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  • Writer's pictureKaren Ruffles

Stop motion animation - sounds and special effects.

In this final post on creating simple stop motion animation, I'm going to give a few pointers on choosing video effects and working with sound to enhance your project.

Adding music to stop motion animation.

One thing I want to talk about before we go any further is copyright on material you use from other sources. I'm going to be doing some blog posts about how this affects visual artists, but it's important to consider the creators of what you hear too. There are plenty of sources of royalty free music out there, but be careful to check out the licensing terms very carefully before using anything. Sometimes a credit is all that's required - naming the person/their website when posting your film online for example, but some licences mean that by using a particular piece of music, you are in turn agreeing to your work being available for others to use. To find out more and for links to resources, check out Creative Commons

Following on from last week, I'm using the Photos app on my laptop as an extra simple way of showing you how to put things together. Again, the basics are the same whatever software you use. I've already added in a short video clip to play with, now I want to add a sound effect. Rather than opting for one of the stock music options, I'm going to add my own custom audio, circled at the top there.

I uploaded my sound effect and Photos added it to my clip for me, circled at the bottom in the picture. Those two blue markers represent the start and finish of the clip so I can adjust the length of the sound - handy if you only want music for a particular scene for example. I can also slide the music clip along the video timeline to where I need it and if I hit play it shows me a preview of the two put together so I can check it's right before saving. One thing to watch for - if you add extra visuals to the start of your film such as a title card or fancy animated effect, it will change the position of your audio. So long as you're in the editor, you can adjust it back so don't panic but as always, easier to save sections as video clips in their own right as you go to avoid problems later. Here we have the boys demonstrating all of this in action for your amusement :)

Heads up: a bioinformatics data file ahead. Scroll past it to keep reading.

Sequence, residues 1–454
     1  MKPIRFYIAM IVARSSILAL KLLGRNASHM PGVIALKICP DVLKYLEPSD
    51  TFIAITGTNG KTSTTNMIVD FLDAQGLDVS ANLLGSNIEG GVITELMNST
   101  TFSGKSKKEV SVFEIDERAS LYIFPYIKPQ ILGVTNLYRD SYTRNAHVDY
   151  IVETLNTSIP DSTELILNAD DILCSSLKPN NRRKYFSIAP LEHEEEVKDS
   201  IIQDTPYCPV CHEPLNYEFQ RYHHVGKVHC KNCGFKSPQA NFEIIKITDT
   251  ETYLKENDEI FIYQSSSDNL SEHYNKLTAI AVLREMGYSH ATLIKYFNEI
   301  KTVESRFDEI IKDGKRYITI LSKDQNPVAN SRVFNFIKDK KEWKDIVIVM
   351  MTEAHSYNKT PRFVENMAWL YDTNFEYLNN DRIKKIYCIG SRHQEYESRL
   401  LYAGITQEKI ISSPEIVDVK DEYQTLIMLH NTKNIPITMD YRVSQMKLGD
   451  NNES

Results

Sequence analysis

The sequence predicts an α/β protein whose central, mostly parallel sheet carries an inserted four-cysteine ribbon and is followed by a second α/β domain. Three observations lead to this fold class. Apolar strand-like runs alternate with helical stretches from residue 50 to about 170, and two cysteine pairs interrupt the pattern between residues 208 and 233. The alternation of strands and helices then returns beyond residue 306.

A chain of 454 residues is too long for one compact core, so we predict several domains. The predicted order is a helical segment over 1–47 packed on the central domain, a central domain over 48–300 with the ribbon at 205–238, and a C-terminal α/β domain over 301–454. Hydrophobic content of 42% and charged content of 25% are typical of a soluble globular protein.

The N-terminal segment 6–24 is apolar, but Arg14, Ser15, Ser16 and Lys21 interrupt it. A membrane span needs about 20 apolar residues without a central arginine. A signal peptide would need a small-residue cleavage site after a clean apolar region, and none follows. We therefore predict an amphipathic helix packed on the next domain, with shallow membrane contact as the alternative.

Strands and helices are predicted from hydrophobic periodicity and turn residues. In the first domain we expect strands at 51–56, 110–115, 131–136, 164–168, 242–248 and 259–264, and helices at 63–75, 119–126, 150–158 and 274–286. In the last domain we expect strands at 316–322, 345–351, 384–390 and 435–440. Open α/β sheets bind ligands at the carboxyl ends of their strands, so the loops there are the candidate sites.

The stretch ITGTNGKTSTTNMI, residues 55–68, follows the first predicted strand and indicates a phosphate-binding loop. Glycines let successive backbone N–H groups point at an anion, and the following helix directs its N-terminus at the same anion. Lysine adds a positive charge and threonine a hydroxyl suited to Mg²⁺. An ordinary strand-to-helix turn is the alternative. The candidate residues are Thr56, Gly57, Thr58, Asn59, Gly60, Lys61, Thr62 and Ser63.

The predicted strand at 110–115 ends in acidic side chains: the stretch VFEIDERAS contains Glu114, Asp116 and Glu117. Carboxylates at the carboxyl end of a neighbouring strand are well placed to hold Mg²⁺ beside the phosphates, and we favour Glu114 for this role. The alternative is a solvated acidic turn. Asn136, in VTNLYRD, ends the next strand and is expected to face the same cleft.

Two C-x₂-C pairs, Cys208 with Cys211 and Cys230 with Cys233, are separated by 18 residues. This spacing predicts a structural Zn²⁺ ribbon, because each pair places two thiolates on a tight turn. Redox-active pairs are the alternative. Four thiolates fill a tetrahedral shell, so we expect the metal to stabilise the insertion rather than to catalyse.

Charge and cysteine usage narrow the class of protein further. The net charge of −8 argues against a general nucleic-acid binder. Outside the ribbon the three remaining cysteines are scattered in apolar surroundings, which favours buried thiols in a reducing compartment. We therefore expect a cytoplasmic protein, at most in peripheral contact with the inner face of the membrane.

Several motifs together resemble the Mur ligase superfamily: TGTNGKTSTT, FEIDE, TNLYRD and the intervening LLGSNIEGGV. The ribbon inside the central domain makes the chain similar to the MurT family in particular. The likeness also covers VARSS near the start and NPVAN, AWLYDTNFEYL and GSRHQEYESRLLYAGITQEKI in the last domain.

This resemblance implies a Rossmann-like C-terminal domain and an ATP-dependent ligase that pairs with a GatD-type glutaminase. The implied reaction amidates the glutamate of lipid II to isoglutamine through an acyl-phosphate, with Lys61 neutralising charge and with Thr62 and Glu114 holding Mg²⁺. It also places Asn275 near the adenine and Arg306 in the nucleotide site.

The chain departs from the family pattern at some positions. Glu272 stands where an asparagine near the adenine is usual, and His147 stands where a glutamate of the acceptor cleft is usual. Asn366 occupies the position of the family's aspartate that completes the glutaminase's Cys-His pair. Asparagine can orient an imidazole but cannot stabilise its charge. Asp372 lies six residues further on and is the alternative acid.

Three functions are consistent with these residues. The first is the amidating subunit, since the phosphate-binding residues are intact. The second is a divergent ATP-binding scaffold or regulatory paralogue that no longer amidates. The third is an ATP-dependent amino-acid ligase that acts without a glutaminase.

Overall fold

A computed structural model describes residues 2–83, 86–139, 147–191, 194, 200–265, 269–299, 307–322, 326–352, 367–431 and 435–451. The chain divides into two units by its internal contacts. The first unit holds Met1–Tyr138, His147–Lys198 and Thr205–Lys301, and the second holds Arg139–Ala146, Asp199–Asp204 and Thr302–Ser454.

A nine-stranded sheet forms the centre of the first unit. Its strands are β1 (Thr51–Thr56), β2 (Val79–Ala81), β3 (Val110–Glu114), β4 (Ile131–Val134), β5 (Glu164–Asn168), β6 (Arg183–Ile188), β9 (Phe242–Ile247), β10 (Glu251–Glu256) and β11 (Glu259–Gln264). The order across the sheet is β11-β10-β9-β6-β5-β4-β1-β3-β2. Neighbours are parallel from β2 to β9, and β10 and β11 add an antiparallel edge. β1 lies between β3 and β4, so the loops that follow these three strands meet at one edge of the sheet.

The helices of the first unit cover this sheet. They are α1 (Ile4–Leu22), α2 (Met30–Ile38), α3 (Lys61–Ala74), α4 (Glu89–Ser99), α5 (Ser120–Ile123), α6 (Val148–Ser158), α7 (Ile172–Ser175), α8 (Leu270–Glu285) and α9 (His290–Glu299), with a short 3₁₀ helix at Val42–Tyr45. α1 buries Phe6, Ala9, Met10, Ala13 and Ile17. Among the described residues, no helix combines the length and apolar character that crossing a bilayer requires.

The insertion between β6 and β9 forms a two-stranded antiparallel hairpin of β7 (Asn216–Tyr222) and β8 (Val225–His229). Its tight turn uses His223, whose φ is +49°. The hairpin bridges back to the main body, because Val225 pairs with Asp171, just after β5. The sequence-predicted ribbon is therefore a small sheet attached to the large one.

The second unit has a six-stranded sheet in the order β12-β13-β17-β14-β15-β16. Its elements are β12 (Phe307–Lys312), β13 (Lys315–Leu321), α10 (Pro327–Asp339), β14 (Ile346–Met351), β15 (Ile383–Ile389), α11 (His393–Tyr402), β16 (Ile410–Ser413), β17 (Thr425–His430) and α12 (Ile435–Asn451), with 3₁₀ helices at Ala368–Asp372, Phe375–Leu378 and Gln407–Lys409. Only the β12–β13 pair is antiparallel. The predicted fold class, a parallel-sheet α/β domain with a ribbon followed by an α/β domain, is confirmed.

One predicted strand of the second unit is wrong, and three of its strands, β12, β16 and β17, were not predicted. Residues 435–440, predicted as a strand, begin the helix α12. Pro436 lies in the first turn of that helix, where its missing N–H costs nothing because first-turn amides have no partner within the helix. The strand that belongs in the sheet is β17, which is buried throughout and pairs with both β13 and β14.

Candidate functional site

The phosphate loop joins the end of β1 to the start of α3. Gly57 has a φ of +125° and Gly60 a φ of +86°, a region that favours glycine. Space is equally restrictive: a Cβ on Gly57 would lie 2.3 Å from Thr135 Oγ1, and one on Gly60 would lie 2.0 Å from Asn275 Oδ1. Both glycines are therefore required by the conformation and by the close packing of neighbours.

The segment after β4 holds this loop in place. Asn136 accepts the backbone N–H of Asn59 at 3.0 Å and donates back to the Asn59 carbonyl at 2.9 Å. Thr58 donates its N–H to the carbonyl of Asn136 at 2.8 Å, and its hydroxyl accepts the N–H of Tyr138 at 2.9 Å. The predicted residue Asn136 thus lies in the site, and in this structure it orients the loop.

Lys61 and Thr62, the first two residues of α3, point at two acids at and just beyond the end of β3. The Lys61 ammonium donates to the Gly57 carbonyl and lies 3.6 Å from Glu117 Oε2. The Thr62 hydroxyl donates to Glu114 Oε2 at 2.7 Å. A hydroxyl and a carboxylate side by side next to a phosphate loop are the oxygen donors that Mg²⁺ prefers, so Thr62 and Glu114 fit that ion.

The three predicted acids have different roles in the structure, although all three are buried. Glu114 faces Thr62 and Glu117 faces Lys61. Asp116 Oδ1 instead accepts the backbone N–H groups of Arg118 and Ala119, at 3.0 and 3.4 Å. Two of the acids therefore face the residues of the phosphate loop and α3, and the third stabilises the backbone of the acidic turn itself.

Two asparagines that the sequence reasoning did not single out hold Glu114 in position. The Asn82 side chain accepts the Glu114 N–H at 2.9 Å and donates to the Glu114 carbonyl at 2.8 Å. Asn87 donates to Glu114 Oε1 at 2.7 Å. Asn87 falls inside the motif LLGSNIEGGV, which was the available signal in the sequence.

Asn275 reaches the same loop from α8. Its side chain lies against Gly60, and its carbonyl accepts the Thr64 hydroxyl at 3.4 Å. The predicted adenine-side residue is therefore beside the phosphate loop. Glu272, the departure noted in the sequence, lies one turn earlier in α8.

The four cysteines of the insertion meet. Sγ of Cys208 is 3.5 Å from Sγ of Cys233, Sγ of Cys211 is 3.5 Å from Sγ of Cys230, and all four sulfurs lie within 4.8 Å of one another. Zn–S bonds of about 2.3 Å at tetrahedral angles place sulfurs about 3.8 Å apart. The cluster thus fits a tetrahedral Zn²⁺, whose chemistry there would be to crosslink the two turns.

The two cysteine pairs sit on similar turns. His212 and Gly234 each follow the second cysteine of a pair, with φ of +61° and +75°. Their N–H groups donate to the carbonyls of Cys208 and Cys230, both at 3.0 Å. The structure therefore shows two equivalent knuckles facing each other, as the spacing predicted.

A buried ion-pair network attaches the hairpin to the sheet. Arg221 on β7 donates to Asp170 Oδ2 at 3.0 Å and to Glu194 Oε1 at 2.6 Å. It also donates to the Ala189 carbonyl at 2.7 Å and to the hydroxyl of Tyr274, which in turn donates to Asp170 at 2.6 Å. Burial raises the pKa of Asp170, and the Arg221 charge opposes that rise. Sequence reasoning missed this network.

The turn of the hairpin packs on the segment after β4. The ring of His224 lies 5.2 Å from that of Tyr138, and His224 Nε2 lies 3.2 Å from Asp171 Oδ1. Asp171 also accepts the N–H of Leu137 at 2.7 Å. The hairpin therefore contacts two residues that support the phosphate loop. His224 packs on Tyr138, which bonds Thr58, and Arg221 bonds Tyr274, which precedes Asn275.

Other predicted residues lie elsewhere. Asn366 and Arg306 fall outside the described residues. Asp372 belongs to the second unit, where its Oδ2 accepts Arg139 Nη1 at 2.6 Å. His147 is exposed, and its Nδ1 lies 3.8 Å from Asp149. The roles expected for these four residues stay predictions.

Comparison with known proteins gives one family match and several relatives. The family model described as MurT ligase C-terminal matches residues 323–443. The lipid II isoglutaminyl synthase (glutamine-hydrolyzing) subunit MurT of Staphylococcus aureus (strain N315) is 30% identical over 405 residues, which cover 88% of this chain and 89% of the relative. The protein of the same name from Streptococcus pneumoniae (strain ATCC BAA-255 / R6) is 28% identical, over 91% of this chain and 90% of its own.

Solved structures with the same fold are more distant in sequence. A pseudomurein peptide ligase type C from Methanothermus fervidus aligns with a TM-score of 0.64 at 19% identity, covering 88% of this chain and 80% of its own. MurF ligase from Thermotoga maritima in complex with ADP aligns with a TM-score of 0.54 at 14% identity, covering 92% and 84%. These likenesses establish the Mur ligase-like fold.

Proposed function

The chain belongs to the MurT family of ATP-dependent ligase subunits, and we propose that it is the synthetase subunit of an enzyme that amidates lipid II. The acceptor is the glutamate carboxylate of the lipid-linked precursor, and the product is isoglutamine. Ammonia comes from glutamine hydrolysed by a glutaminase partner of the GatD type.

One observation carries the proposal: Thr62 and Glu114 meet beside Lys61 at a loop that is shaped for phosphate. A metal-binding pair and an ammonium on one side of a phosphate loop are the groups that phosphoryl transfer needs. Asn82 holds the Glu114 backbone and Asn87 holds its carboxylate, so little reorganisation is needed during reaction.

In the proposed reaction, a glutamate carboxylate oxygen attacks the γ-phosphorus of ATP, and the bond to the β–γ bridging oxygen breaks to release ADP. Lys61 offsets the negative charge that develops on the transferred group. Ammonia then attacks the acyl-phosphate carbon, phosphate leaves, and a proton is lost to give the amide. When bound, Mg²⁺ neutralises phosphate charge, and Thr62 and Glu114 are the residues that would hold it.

Thank you Stephen and Mr Thingy. I also need to say thank you, as discussed earlier, to ZapSplat for providing the free sound clip - they do actually have an amazing library of effects and are adding music to their collection too.

Video effects for stop motion animation.

The final stage for me is adding any visual effects to the film. Photos has a limited choice of filters, circled in black on the screenshot but it's enough for me to show the difference that something as simple as changing from colour to black and white can make in terms of changing the feel of your film. Again I suggest saving a version of your project as is before making further changes just in case.

Above we have the clip in its original colourway, below shows how by selecting the 'Inky' option, it's converted for me to a completely different look. Because the films I put out are generally in black and white as it goes with my artwork, I normally take my pictures that way too so I can see exactly what I'm getting from the start but don't be afraid to play about with after effects.

I think that this concludes what I can usefully talk about without getting into more complex software or being too specific about styles - for example I apply a vignette (darkening the edges) and old film effects like lines and grain to achieve a very old school look with horror overtones but you might be wanting to create something bright and bold. This affects how you handle things like transitions, the way clips are joined together, so I of course fade to black but you might want scenes to overlap or have a very dynamic 3d animated transition. If you do have more specific questions and would like me to cover more in a future post, please do get in touch or comment below. I leave you with a complete animation of my own to finish the journey from photo to film. See you next week for a new sort of adventure!

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